Cool Girls with Tag: STEM

Marie Millan

2017-01-coolgirl-marie-headshotName: Marie Millan
Age: 20
Location: Champaign, IL
Occupation: Engagement Director

Marie Millan has always been connected. As an infant, her father’s job establishing cell phone networks led to her living in France, Belgium, China, the Philippines, Canada, and finally California, all before the age of eight.

The physical momentum that had her globe-trotting in Pampers must have had an impact on her childhood dreams. It was her exposure to the poverty and struggles of those all over the world that led to her realizing that innovation could be used to alleviate suffering. Not to mention that troubleshooting with toys was the sort of pastime she was drawn to. Initially she became fascinated with NASA and fantasized about becoming an astronaut.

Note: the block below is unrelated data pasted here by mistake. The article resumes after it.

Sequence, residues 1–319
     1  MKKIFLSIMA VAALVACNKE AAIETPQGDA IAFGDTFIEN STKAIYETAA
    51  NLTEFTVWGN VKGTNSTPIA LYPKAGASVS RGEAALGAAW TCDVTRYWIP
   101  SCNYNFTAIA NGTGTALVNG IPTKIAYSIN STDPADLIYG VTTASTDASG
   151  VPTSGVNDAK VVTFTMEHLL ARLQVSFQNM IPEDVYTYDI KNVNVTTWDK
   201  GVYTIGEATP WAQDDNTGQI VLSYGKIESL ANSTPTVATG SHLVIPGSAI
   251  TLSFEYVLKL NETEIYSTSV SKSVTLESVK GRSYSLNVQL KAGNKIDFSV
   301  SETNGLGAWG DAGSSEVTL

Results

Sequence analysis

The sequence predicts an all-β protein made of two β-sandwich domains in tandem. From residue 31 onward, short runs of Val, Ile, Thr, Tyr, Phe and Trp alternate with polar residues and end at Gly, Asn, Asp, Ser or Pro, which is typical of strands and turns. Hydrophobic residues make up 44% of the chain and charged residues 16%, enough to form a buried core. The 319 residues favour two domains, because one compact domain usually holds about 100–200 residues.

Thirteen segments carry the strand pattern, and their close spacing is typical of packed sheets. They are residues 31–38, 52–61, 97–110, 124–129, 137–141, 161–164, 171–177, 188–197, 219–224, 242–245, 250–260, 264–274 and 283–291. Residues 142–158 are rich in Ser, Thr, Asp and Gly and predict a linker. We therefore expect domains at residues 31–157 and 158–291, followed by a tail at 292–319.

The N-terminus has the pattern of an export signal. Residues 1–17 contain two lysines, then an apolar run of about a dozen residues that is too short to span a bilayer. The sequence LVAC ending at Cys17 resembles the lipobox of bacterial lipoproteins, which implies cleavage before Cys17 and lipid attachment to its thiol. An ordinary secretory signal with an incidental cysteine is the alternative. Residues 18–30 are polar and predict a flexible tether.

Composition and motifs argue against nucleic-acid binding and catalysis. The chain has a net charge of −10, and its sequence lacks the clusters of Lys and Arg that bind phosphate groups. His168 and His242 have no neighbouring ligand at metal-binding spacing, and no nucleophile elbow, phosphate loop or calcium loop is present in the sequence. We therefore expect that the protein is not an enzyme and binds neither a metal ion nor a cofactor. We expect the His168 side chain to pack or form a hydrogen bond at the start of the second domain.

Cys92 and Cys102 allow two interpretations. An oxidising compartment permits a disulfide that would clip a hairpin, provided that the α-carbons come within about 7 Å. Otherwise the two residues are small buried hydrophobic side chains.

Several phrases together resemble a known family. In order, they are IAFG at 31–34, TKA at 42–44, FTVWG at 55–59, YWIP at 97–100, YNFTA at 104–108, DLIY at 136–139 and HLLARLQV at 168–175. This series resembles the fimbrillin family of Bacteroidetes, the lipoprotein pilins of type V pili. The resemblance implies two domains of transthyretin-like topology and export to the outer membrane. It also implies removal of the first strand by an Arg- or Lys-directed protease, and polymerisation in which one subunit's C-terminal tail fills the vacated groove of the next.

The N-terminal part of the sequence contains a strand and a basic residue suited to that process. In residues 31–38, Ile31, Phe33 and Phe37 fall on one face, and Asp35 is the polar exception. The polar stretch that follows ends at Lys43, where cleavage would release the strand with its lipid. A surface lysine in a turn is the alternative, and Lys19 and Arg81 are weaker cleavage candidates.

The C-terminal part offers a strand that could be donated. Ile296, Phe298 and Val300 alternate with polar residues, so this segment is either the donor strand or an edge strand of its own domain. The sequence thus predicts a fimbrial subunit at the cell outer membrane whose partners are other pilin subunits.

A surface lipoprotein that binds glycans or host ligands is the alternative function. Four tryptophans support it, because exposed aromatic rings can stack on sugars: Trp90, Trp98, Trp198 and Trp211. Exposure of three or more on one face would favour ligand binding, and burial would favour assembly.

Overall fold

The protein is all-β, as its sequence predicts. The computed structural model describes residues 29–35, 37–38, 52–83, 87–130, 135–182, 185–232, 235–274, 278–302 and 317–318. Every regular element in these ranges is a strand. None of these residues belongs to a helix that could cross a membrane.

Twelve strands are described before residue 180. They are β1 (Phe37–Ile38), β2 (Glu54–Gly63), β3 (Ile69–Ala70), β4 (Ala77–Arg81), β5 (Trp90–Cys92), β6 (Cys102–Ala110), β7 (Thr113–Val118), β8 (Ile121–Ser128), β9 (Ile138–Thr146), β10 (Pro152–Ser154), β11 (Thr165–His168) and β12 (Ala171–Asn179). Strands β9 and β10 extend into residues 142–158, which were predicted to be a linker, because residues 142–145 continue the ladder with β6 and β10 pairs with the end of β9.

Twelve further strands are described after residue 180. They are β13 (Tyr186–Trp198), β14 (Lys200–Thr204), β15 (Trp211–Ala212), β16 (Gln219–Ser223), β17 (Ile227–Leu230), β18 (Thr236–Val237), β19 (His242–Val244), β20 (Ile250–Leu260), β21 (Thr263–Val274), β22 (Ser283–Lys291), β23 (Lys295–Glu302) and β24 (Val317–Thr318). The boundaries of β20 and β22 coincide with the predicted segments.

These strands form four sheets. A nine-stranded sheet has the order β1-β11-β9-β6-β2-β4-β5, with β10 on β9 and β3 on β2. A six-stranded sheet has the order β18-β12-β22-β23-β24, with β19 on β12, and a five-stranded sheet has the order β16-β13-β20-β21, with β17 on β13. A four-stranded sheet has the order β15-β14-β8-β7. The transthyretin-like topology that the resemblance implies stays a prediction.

“I would visit the Houston Space Station and my mom could hardly keep track of me since I would go gallivanting off to sit in the cockpits and do the training to prove that I could be an astronaut. I had all the different aircrafts and procedures memorized and wanted to experience zero gravity so that I could drink little balls of orange juice while floating around,” Marie recalls. “That dream though soon changed to me wanting to design and build cars.”

2017-01-coolgirl-marie-officeAs a student in University of Illinois Urbana-Champaign, Marie grapples with collaborating on group projects like building a walking/crawling robot, and has to be quick-witted and resourceful when calibrations and materials need to be swapped out while working in a group.